4 bond strategies to consider with market volatility on the rise  
Stephen Tuttle

Although bonds play an important role in managing portfolio risk over time, today’s environment presents some challenges to investors. Bonds didn’t provide much place to hide from recent stock market volatility. The 1st quarter of 2018 was the first quarter since 3Q 2008 where the S&P 500 and Barclays US Aggregate Bond Index had a negative total return. 

What is a bond investor to do? 

We believe today’s backdrop requires a fresh approach to bond investing. Here are 4 strategies that we think can potentially reduce equity risk while providing liquidity and income.    

  • Short-term Credit: Short-term investment grade corporate bonds currently offer comparable yields to intermediate-term government bonds with less interest-rate sensitivity.  Furthermore, their short maturity dates may offer investors the opportunity to benefit from rising rates by reinvesting the proceeds from maturing bonds into new bonds with higher coupons.
  • Floating Rate Notes (FRN): We believe FRNs offer an attractive balance between income, low volatility, and minimal downside risk. Unlike traditional bonds that pay fixed interest payments, FRNs have coupon rates that “float” with short-term rates.  Thus, when rates are rising, as they are now, investors in FRNs generally earn higher income over time and experience smaller price declines compared to fixed income securities.   
  • Treasury Inflation-Protected Securities (TIPS): Inflation expectations have risen recently, but we still believe there is value in TIPS.  The principal of TIPS increases with inflation and decreases with deflation, as measured by the Consumer Price Index.  When TIPS mature, the investor is paid the adjusted principal or original principal, whichever is greater.  At current prices, we believe TIPS provide an attractive way to hedge against unexpected rises in inflation.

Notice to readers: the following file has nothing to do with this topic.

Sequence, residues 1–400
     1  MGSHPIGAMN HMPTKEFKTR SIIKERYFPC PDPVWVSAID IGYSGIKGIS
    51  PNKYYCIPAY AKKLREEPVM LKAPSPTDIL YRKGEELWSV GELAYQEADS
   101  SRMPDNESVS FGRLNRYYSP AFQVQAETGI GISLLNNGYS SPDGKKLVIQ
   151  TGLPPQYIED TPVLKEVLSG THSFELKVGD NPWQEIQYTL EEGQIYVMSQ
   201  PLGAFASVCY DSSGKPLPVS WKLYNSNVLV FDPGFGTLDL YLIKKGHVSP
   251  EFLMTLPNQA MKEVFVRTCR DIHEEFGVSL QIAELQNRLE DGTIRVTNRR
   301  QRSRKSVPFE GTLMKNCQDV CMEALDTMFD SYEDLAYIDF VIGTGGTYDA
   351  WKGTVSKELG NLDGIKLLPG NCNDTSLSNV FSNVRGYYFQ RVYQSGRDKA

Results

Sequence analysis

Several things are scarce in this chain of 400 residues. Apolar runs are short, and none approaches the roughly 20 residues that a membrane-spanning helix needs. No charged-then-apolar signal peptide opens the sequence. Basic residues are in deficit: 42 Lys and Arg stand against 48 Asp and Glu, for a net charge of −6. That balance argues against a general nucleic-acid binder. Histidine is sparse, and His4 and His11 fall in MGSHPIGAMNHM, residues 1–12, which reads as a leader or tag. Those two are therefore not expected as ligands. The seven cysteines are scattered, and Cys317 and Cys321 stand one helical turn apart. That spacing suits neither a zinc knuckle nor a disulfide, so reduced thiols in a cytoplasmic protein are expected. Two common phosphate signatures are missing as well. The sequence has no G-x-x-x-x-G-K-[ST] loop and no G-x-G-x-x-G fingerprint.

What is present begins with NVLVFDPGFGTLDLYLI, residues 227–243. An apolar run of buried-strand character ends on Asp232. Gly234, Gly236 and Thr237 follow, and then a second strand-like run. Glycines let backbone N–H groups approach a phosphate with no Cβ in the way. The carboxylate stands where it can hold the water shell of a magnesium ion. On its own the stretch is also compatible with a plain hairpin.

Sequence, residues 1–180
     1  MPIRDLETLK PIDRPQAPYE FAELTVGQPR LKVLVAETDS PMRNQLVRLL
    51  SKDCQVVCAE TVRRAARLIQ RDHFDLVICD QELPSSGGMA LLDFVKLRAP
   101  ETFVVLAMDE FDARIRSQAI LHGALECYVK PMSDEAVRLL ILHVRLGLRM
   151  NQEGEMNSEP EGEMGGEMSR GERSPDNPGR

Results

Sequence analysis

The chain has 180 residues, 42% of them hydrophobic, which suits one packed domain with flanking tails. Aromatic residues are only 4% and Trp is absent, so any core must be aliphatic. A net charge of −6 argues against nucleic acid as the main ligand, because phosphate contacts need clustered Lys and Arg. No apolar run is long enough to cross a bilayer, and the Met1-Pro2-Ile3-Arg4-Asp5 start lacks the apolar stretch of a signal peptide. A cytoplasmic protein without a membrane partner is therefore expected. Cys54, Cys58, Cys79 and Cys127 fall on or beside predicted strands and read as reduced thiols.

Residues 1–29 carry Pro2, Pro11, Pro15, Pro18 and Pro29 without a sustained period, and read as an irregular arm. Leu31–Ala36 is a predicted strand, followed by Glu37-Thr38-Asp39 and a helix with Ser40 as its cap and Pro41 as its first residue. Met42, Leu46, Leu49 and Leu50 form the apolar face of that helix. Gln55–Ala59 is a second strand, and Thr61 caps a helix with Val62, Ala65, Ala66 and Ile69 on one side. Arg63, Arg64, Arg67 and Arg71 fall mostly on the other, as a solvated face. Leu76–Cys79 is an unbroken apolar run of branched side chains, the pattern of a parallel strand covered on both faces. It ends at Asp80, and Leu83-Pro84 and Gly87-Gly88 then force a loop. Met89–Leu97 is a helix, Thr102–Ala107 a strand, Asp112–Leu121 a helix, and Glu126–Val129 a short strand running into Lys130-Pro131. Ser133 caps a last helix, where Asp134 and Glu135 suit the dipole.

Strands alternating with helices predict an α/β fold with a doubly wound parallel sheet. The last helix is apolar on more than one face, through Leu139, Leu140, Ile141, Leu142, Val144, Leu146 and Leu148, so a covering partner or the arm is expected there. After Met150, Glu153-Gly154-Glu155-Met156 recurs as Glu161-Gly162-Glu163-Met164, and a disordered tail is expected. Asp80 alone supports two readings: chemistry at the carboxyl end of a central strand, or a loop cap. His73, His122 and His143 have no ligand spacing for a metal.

• Emerging Market (EM) Debt: We expect EM debt to perform well during periods of gradually rising interest rates. They currently offer relatively attractive yields, which should cushion against potential price declines.  Additionally, EM economies tend to benefit when rising US yields reflect improving economic growth, as in the current rate-hike cycle. 

In the coming years, we expect a transition from low to “normal” interest rates.  History has shown that rising rates often involves some discomfort for bond holders.  However, we caution against removing traditional core bonds from portfolios altogether.  Doing so would risk severe losses in the event of a stock market slump or economic recession.  High quality bonds should continue to help portfolios in turbulent periods.  We believe that an actively-managed bond allocation, with exposure to multiple sectors and offering several sources of income are prudent strategies for diversified investors in the current environment.

The information and opinions included in this document are for background purposes only, are not intended to be full or complete, and should not be viewed as an indication of future results.

 

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